Researchers Discover Spatial Iron in Antarctic Snow

Wednesday, August 21, 2019 - 11:51

Researchers of Australian National University in Canberra have discovered significant amounts of a form of iron that is not naturally produced on Earth in Antarctic Snow.

According to the, researchers from Australian National University in Canberra hauled 500 kilograms of fresh snow back from Antarctica, melted it, and sifted through the particles that remained and discovered significant amounts of a form of iron that is not naturally produced on Earth.

Other scientists had previously spotted the same rare isotope of iron in deep-ocean crusts. Called iron-60, it has four more neutrons than Earth's most common form of the element. But the iron-60 in the crust likely settled on the Earth's surface millions of years ago, as opposed to what was found in fresh snow in Antarctica that had accumulated over the past two decades.

The team published their findings this week in the journal Physical Review Letters. Researchers believed that outer space objects ranging from dust to meteors regularly fall to Earth, but they are generally made of the same materials as our planet, since everything in the solar system, including the sun itself, assembled from the same building blocks billions of years ago. Because iron-60 is not among those common materials, it must have arrived from somewhere beyond the solar system.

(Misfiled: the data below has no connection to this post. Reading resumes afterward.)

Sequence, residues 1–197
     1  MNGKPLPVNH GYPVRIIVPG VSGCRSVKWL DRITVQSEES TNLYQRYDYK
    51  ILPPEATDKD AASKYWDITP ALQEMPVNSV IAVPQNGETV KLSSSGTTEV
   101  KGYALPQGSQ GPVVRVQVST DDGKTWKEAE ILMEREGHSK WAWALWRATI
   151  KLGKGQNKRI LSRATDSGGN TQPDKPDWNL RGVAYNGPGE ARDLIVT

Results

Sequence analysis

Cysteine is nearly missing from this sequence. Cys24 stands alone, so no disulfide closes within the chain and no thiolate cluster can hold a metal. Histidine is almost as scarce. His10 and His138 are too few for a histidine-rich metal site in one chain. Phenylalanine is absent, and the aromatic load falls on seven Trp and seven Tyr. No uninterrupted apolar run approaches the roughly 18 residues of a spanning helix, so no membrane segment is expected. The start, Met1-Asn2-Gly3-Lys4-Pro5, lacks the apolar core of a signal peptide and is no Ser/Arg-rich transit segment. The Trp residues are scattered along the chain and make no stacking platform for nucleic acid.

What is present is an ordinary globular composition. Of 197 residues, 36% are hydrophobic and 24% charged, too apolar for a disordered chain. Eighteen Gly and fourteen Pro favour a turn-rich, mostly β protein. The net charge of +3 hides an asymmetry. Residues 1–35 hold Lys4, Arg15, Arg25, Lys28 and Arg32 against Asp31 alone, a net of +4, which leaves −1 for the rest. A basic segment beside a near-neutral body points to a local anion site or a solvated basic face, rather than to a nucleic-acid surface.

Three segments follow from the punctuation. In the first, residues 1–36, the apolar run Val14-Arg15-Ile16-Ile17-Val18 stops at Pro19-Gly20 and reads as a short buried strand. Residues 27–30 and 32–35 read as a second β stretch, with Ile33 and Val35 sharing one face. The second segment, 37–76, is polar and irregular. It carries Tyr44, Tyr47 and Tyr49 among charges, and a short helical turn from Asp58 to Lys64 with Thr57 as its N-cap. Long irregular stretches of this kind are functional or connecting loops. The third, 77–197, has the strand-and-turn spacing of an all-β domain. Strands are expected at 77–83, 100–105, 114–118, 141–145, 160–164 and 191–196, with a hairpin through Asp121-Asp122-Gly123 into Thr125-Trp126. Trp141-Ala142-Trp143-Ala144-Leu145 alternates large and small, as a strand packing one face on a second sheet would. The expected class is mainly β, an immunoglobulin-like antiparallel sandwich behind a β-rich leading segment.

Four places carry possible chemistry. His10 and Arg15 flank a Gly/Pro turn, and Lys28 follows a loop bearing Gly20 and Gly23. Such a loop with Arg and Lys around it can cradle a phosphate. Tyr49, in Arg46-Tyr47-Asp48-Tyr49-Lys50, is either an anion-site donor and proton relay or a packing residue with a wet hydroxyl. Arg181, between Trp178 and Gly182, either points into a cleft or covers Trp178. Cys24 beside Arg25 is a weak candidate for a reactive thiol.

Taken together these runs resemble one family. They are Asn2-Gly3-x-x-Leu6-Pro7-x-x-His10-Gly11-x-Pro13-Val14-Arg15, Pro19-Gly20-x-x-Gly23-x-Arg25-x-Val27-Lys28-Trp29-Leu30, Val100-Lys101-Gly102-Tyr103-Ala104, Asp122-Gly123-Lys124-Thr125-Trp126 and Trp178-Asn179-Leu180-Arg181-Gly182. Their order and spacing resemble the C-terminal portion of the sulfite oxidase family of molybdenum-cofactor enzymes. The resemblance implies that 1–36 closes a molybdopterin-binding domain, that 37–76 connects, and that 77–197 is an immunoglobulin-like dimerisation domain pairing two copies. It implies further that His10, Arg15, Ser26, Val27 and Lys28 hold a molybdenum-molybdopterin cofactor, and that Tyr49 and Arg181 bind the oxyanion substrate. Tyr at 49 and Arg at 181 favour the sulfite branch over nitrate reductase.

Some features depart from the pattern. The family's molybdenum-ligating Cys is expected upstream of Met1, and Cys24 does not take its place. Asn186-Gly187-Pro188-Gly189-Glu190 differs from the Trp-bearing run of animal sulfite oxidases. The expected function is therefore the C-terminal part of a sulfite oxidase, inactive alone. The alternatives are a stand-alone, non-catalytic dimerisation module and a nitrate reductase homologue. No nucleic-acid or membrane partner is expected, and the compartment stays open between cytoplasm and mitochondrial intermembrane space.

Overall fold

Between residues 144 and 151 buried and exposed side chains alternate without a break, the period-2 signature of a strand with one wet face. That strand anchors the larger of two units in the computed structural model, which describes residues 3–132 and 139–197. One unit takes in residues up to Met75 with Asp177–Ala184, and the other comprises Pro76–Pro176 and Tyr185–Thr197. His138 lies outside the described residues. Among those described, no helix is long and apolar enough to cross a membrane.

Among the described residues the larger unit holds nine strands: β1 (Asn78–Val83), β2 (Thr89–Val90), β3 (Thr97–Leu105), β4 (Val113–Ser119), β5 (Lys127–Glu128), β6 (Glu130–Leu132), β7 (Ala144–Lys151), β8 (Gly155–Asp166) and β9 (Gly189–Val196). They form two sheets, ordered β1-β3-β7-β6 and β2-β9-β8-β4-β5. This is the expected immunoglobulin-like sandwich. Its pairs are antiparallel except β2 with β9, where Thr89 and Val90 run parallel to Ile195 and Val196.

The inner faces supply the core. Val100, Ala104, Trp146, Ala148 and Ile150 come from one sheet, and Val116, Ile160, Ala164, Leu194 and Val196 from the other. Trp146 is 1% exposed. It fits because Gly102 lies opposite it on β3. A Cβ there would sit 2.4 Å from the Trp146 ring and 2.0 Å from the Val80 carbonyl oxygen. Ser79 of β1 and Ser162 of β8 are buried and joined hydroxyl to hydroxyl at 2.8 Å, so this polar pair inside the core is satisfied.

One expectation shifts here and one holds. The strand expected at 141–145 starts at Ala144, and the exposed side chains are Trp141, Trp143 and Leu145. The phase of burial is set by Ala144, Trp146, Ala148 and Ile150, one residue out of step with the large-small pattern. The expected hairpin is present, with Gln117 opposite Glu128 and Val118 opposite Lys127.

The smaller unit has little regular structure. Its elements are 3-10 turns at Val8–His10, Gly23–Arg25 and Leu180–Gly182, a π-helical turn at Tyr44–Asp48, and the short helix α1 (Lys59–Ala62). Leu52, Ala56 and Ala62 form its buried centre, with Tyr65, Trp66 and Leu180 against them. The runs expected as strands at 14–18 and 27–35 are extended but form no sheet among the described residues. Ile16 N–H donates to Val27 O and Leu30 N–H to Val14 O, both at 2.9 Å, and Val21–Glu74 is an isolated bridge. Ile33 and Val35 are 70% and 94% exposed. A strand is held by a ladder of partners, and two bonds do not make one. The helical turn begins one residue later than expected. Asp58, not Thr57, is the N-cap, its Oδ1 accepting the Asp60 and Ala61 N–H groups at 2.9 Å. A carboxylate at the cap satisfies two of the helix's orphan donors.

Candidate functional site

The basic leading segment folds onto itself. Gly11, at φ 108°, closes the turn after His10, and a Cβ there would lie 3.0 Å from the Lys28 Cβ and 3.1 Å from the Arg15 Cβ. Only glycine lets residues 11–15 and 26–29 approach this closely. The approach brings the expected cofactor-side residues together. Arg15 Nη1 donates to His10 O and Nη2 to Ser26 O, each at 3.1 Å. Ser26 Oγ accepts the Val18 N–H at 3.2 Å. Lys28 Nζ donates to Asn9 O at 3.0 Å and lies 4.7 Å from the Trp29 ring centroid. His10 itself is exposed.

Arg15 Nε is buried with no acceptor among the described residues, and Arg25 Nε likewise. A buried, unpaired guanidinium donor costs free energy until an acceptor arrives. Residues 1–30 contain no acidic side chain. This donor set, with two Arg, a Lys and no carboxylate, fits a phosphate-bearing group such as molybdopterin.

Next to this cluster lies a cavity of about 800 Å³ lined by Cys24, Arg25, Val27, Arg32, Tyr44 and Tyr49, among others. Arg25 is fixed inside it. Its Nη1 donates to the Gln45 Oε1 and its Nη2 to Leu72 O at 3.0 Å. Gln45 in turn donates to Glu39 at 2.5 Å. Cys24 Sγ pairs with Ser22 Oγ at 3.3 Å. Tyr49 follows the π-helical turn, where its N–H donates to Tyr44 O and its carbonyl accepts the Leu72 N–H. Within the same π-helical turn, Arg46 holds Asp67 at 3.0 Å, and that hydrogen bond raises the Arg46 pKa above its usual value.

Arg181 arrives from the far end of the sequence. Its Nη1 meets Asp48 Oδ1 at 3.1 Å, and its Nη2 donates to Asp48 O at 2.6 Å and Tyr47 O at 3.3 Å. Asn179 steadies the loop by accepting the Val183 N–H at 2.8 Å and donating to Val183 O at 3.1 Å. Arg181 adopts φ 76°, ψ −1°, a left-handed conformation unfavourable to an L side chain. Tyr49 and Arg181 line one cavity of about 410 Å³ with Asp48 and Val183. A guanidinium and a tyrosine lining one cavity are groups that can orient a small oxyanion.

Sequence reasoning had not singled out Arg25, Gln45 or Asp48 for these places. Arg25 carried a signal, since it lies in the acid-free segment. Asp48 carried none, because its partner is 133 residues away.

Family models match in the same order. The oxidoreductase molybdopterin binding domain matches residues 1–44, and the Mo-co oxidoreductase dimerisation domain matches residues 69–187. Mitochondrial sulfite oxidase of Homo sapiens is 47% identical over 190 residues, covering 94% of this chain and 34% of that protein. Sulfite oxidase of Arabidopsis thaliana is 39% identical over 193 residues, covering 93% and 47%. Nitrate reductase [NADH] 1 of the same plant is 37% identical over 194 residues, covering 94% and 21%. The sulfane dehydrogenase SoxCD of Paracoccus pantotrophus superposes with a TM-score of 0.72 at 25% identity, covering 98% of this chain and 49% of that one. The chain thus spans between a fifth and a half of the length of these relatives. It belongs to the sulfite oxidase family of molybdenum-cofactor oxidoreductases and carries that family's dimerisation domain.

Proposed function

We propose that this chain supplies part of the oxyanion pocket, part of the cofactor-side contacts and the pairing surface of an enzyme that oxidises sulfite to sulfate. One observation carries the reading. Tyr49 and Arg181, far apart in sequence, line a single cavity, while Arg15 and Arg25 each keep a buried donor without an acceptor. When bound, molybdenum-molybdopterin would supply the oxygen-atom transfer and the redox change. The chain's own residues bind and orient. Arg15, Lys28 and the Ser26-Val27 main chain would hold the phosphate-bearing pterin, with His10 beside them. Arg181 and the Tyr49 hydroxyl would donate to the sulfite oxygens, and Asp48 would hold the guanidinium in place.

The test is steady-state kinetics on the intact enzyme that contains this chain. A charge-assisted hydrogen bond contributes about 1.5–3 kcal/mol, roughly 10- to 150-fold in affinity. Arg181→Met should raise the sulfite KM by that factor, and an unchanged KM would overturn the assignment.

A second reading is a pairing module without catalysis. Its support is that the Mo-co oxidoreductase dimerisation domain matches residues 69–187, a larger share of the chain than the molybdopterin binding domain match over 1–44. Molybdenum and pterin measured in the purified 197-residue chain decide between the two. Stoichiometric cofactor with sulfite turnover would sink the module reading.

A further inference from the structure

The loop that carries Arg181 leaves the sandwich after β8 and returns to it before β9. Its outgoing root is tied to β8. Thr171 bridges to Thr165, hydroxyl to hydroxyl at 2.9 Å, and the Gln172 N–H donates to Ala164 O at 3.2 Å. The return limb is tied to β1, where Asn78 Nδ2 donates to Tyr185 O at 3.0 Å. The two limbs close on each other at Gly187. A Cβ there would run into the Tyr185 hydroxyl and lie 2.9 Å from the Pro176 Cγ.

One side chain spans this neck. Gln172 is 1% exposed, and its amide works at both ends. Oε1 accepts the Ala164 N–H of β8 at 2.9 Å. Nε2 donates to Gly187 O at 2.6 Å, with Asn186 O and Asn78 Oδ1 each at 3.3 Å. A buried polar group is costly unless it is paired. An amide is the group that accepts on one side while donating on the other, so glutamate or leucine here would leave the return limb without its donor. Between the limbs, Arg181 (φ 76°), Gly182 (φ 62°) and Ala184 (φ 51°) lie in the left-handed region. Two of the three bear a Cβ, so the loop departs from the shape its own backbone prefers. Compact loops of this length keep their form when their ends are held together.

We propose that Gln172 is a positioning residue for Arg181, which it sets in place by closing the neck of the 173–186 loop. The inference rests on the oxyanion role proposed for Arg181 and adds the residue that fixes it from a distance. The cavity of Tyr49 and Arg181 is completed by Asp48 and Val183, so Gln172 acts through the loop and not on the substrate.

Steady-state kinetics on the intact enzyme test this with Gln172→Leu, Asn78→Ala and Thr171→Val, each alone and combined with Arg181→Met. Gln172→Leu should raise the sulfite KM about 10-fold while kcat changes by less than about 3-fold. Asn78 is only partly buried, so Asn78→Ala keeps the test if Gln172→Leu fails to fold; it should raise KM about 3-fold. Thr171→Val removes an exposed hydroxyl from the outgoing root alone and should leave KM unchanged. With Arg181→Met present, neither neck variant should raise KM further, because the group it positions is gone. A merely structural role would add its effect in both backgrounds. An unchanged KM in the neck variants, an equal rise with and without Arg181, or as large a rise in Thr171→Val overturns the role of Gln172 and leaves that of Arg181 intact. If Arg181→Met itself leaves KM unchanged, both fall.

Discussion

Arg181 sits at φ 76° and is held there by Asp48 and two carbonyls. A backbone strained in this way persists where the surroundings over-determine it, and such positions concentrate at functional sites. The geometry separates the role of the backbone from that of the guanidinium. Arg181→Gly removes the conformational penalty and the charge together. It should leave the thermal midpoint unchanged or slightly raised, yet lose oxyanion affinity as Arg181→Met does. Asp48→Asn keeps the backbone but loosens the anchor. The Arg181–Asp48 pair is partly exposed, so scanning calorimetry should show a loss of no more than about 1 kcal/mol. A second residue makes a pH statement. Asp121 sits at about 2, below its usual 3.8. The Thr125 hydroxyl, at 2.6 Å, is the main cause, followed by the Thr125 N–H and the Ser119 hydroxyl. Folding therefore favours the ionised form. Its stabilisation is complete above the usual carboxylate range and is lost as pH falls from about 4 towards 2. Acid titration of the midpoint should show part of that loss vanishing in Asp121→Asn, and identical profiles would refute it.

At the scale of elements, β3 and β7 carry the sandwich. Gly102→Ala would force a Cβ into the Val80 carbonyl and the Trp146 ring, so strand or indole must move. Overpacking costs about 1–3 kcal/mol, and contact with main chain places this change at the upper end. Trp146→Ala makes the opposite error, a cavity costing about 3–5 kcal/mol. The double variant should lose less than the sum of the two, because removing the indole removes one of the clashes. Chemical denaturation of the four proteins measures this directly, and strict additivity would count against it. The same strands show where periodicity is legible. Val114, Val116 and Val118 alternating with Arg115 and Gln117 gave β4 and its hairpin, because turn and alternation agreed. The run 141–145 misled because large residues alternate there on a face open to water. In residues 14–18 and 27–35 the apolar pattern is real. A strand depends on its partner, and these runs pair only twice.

But at the South Pole, researchers need to account for possible Earthly sources of the isotopes, such as from nuclear power plants and nuclear weapons tests. By studying additional isotopes like manganese-53, they also ruled out any significant contributions from cosmic rays, which generate iron-60 when they interact with dust and meteorites.

Dominik Koll, a physicist at Australian National University in Canberra and lead author of the study and his colleagues focused on iron-60 because it is rare, but not too rare, and it has a long lifetime, with a half-life of 2.6 million years. Many other isotopes that could have arrived from interstellar falling rocks are so unstable, with such short half-lives, that there is no way scientists could find them before they decayed away and disappeared.

Koll hopes that more data, like ice cores that reach deeper and older dust, could add more to the story. Such research would probe further into the past and could reveal more precisely when this alien dust started peppering our planet.


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